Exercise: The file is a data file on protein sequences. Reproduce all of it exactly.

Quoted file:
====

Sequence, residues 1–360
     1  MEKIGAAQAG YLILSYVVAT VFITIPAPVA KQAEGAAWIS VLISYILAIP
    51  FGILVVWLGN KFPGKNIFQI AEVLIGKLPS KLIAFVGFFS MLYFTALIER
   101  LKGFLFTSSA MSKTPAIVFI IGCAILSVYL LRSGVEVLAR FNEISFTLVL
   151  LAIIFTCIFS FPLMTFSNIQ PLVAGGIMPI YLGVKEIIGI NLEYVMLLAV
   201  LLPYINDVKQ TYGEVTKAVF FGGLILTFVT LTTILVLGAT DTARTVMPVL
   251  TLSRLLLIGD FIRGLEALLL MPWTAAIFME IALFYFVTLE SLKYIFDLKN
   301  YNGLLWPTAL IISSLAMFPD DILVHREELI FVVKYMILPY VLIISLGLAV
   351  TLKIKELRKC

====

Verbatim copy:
Sequence, residues 1–360
     1  MEKIGAAQAG YLILSYVVAT VFITIPAPVA KQAEGAAWIS VLISYILAIP
    51  FGILVVWLGN KFPGKNIFQI AEVLIGKLPS KLIAFVGFFS MLYFTALIER
   101  LKGFLFTSSA MSKTPAIVFI IGCAILSVYL LRSGVEVLAR FNEISFTLVL
   151  LAIIFTCIFS FPLMTFSNIQ PLVAGGIMPI YLGVKEIIGI NLEYVMLLAV
   201  LLPYINDVKQ TYGEVTKAVF FGGLILTFVT LTTILVLGAT DTARTVMPVL
   251  TLSRLLLIGD FIRGLEALLL MPWTAAIFME IALFYFVTLE SLKYIFDLKN
   301  YNGLLWPTAL IISSLAMFPD DILVHREELI FVVKYMILPY VLIISLGLAV
   351  TLKIKELRKC